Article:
Effects of Cattle and Deer on Regenerating Mixed Conifer Clearcuts
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CitationKosco, B. H., & Bartolome, J. W. (1983). Effects of cattle and deer on regenerating mixed conifer clearcuts. Journal of Range Management, 36(2), 265-268.
PublisherSociety for Range Management
JournalJournal of Range Management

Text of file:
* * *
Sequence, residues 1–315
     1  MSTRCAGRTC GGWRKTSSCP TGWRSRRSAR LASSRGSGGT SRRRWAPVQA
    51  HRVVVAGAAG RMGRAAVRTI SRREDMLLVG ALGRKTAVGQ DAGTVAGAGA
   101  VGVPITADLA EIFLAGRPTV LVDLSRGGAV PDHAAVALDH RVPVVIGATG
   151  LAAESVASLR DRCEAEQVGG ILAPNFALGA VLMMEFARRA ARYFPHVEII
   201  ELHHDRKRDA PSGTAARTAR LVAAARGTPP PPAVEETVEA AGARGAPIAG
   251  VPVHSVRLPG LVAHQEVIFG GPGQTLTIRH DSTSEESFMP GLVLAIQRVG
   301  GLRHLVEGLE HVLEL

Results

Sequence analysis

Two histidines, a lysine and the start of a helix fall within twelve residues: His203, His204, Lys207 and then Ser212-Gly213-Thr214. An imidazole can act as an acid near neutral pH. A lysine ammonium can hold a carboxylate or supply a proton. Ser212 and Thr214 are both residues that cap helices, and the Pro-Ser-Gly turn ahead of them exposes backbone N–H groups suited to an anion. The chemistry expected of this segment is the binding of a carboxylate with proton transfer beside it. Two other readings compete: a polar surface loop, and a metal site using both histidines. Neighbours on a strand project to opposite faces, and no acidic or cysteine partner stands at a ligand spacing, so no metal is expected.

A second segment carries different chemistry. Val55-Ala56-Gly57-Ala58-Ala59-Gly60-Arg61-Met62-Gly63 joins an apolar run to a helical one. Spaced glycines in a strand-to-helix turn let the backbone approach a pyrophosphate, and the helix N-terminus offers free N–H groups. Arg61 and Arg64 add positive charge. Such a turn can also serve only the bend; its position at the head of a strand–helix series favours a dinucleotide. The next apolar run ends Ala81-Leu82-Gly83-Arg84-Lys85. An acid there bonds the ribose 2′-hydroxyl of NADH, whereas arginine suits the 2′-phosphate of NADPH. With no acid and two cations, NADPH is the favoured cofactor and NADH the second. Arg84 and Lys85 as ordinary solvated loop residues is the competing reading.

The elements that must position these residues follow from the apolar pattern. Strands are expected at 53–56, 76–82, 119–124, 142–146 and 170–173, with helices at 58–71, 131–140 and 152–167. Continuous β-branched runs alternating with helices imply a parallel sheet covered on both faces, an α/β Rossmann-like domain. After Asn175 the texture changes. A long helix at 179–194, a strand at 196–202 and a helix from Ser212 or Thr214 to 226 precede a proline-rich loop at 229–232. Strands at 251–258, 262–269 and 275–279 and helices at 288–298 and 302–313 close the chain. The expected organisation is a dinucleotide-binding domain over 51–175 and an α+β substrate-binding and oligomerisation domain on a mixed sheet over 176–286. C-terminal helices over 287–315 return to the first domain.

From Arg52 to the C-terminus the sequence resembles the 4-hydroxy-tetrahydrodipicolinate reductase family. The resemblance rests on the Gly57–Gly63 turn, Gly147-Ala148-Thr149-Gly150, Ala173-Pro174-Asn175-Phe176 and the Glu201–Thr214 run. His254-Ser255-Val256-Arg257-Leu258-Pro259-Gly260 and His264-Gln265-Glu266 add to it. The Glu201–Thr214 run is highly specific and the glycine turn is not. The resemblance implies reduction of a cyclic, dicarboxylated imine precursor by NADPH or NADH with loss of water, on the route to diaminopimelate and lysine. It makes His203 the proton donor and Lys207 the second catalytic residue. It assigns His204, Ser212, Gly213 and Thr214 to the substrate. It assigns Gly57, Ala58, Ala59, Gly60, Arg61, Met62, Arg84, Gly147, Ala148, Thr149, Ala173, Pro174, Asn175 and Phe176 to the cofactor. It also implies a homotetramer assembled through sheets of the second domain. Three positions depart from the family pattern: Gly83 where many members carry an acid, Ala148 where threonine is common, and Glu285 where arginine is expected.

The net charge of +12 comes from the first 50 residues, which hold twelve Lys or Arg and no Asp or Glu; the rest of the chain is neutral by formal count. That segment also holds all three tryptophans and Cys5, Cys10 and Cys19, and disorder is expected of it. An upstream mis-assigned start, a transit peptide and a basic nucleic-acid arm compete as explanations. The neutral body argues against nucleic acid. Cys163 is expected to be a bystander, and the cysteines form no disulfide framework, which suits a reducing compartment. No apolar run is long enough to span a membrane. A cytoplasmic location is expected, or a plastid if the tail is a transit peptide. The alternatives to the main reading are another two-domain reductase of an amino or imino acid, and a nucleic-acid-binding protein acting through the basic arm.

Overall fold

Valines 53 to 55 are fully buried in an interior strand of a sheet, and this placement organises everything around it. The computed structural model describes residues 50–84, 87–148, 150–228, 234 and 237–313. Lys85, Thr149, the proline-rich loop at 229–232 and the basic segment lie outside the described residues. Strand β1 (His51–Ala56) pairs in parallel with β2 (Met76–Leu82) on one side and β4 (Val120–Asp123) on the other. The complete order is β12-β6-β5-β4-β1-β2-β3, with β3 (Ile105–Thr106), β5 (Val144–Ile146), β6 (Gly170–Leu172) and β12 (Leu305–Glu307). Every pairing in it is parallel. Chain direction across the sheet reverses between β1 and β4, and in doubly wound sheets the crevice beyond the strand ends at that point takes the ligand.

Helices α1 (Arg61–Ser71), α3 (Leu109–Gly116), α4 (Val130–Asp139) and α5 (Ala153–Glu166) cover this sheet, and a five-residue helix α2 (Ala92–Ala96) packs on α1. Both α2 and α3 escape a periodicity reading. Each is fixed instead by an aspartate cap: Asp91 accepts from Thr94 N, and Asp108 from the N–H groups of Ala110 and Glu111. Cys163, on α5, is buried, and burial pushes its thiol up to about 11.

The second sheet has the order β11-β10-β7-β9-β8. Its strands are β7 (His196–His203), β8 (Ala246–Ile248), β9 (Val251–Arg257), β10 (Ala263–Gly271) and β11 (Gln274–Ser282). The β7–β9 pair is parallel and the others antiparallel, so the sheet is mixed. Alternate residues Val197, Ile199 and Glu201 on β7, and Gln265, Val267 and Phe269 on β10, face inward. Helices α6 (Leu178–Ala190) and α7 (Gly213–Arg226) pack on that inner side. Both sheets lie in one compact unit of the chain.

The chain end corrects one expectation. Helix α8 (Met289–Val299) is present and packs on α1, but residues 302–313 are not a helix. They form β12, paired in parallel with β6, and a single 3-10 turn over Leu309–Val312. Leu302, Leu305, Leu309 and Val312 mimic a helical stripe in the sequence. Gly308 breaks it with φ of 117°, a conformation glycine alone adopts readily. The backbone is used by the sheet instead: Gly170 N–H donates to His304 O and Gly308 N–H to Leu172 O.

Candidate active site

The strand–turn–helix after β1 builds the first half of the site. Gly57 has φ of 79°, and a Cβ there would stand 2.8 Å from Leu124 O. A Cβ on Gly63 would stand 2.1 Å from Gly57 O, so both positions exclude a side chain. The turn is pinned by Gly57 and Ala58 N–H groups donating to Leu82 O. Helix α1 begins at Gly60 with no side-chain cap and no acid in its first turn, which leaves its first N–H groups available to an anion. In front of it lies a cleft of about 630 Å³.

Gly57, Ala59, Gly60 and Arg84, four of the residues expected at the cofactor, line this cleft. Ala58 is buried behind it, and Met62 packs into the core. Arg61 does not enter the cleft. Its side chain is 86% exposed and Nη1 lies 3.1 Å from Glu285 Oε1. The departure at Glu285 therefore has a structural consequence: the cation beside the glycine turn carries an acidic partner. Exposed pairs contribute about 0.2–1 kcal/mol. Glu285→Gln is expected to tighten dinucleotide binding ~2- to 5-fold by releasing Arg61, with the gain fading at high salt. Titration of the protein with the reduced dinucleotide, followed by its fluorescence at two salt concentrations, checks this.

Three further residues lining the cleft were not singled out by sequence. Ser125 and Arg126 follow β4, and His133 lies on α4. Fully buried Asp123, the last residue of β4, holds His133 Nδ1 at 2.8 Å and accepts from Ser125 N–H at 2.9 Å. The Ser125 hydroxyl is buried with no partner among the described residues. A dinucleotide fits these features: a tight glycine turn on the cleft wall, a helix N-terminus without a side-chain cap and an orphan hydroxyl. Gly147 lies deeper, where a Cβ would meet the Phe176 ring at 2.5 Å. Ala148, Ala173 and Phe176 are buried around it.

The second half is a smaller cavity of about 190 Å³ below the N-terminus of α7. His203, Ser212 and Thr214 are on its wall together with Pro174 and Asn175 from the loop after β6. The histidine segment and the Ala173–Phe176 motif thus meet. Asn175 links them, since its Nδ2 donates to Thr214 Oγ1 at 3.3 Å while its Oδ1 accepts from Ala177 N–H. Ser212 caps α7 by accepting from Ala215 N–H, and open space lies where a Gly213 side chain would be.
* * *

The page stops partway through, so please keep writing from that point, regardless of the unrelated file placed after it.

AbstractStudy began in 1977 at Blodgett Forest Research Station near Georgetown, California, to look at the effects of cattle and deer grazing on mixed conifer plantations. Cattle graze the study area from June 1 until about September 20 each year. Deer are primarily migratory, passing through the study area in March and April and again in October and November each year. The results of treatments on two clearcuts indicate cattle do not harm tree regeneration. Browsing on trees occurred, but no significantly higher numbers of trees were browsed by cattle and deer than by deer alone. White fir seedlings were browsed the most heavily. No trampling damage occurred. Browsing has made no difference in overall tree seedling height or basal diameter between treatments. Brush cover was significantly reduced on grazed treatments on both clearcuts. On 641E, cattle and deer grazing together made a further significant reduction in brush cover over deer grazing alone. The reduction in brush cover has had no effect on tree seedling heights or basal diameters yet. Tree height, basal diameter, and browsing and trampling damage will continue to be monitored, as will brush cover and species composition. Results from this study indicate however, that proper cattle grazing does not harm tree regeneration on young mixed conifer plantations and furthermore cattle grazing may be used as a vegetation management tool in reducing brush on these clearcuts.